Website Navigation for Screen Readers

Writing Effective and Measurable Learning Objectives

Definition:

A learning objective is student centric; it states what the student will learn and be able to accomplish by the end of instruction. It describes a specific behavior which will lead to the desired goal. It is specific and measurable. It has three major components:

  1. What the student will be able to
  2. Conditions needed for the student to accomplish the
  3. Criteria for evaluating the student

How to write learning objectives:

Learning objectives emphasize:

  1. students’ performance
  2. end product
  3. what students learned

Learning objectives do not emphasize:

  1. teacher performance
  2. subject matter
  3. how knowledge was acquired

Learning objectives should have the following S.M.A.R.T. attributes.

Specific – Statement of learning are concise and well defined in describing what students will be able to do.

Measurable – Use action / measurable verbs that can be observed through any assessment such as test, homework, or project etc. to describe what the student will be able to do.  (see list attached to this document).

Attainable – Ensure that students will have the pre-requisite knowledge by the end of the course in able to achieve the stated learning objectives.

Relevant – The stated skills or knowledge are appropriate for the program and the course as described in the curriculum.

Time-bound – State when students should be able to demonstrate the knowledge or skill (mid or end of course or end of program, etc.).

BLOOM’s Taxonomy

Follow Bloom’s Taxonomy cognitive process to state your learning objectives. Ensure that the stated objectives describe a progressive cognitive process that represents a continuum of increasing cognitive complexity.

                            Cognitive Process

On a continuum of learning, students start by:

Remembering – recalling previous knowledge.

Understanding – understanding new information and presenting it in their own words.

Applying – applying what they learned into authentic settings.

Analyzing – distinguishing between facts and inferences and recognizing logical fallacies in reasoning.

Evaluating – making judgment about ideas, materials or values.

Creating – putting the parts learned together to create a whole, with a focus on creating meaning or structure.

Putting it Together

Program and Course Level Objectives

  1. Create Program Learning objectives that will be addressed multiple times in your core course offering.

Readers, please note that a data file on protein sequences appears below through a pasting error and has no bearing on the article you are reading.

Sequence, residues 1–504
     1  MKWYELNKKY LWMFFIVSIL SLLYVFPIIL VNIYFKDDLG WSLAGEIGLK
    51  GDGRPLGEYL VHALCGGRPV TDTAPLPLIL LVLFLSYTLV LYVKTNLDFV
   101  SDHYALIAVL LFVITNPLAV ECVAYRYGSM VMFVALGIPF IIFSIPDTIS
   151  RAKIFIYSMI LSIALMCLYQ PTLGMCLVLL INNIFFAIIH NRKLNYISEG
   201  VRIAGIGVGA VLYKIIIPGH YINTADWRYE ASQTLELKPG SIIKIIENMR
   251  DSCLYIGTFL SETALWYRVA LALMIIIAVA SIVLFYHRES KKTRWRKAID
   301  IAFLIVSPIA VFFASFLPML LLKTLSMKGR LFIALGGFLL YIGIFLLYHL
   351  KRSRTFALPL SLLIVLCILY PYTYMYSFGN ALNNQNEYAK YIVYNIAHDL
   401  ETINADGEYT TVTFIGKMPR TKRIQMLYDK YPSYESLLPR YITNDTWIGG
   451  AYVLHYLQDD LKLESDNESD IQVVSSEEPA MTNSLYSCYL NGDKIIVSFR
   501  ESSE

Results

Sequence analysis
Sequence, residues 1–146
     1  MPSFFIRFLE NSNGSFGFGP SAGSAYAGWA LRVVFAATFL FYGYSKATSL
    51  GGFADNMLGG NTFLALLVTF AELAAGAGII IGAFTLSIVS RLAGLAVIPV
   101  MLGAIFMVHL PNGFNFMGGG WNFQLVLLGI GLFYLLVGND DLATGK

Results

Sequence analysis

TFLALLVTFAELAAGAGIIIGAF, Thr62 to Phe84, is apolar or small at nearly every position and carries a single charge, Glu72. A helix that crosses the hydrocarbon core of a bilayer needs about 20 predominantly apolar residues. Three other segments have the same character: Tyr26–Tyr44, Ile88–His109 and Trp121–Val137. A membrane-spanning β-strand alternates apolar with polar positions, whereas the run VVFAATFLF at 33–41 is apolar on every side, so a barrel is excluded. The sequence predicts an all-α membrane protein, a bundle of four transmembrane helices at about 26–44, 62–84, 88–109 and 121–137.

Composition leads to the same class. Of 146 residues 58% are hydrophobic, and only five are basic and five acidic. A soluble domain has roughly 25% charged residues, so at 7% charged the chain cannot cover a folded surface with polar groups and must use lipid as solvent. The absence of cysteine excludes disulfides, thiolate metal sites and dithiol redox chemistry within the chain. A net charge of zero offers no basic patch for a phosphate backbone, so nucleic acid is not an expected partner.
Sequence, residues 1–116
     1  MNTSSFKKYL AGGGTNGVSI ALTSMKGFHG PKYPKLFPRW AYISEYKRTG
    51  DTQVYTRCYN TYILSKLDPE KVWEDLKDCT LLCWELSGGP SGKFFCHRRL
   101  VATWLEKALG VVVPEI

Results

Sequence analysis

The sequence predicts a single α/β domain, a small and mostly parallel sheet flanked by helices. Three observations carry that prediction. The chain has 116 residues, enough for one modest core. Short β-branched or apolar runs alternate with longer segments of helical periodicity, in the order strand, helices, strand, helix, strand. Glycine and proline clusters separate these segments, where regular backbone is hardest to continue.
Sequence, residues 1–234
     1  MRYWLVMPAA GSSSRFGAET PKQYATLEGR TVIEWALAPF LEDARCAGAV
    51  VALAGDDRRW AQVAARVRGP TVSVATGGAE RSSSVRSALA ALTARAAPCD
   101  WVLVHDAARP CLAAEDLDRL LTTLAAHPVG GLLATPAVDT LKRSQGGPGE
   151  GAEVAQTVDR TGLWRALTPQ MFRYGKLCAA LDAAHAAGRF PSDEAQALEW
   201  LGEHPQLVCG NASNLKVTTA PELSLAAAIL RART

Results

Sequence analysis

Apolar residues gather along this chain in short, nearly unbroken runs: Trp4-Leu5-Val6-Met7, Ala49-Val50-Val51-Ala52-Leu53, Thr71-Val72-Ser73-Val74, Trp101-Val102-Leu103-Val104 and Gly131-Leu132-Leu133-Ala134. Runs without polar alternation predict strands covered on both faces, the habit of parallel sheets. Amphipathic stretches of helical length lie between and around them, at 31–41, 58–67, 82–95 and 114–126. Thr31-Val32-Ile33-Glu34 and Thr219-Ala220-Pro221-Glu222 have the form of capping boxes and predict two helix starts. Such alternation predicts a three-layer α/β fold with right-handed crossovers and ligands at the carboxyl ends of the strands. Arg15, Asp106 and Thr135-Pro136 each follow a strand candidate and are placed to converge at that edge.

2. Identify which objectives are addressed in what course.
  3. Identify assessments, direct, indirect, formative, summative to assess whether the students have attained the desired learning.
  4. Assess all objectives multiple times to map a continuum of improvement.
  5. Create a Program Matrix to ensure that all stated objectives were addressed multiple times in core curriculum offerings of the program. (See module on Creating a Program Matrix)

Assignments/Measures

  1. At the assignment level, the Course Learning Objectives stated for the course are too broad and they need to be reworded into basic measurable outcomes as defined or stated in the assignment.
  2. They must map directly to a specific Course Learning Objective.
  3. If applicable, rubrics should guide the evaluation of each assessment and results should be gathered to measure learning. (See module on Creating Effective Rubrics)

ACTION VERBS APPROPRIATE FOR EACH LEVEL OF BLOOM’S/ANDERSON & KRATHWOHL’S TAXONOMY
(Cognitive Domain)

Remember
Recall facts and basic concepts
Define
Identify
List
Name
Recall
Recognize
Record
Relate
Repeat
Underline
Understand
Explain ideas and concepts
Choose
Cite
Demonstrate
Describe
Determine
Differentiate
Discriminate
Discuss
Explain
Express
Give
Identify
Interpret
Locate
Pick
Practice
Report
Respond
Restate
Review
Recognize
Select
Simulate
Tell
Translate
Apply
Use information in new situations
Apply
Demonstrate
Dramatize
Employ
Generalize
Illustrate
Initiate
Interpret
Operate
Operationalize
Practice
Relate
Schedule
Shop
Use
Utilize
Analyze
Draw connections among ideas
Analyze
Appraise
Calculate
Categorize
Compare
Conclude
Contrast
Correlate
Criticize
Deduce
Debate
Detect
Determine
Develop
Diagram
Diagnose
Differentiate Distinguish
Draw conclusion
Estimate
Evaluate
Examine
Experiment
Identify
Infer
Inspect
Inventory
Predict
Question
Relate
Solve
Test
Evaluate
Justify a stand or decision
Appraise
Assess
Choose
Compare
Critique
Estimate
Evaluate
Judge
Measure
Rate
Revise
Score
Select
Test
Validate
Value
Create
Produce new or original work
Arrange
Assemble
Collect
Compose
Construct
Create
Design
Develop
Devise
Formulate
Manage
Modify
Organize
Plan
Prepare
Produce
Propose
Predict
Reconstruct
Set-up
Synthesize
Systematize

References

Anderson, L.W., & Krathwohl (Eds.). (2001). A Taxonomy for Learning, Teaching, and Assessing: A Revision of Bloom’s Taxonomy of Educational Objectives. New York: Longman.

Bloom, B.S. and Krathwohl, D. R. (1956). Taxonomy of Educational Objectives: The Classification of Educational Goals, by a committee of college and university examiners. Handbook I: Cognitive Domain. NY, NY: Longmans, Green.

Website Footer Navigation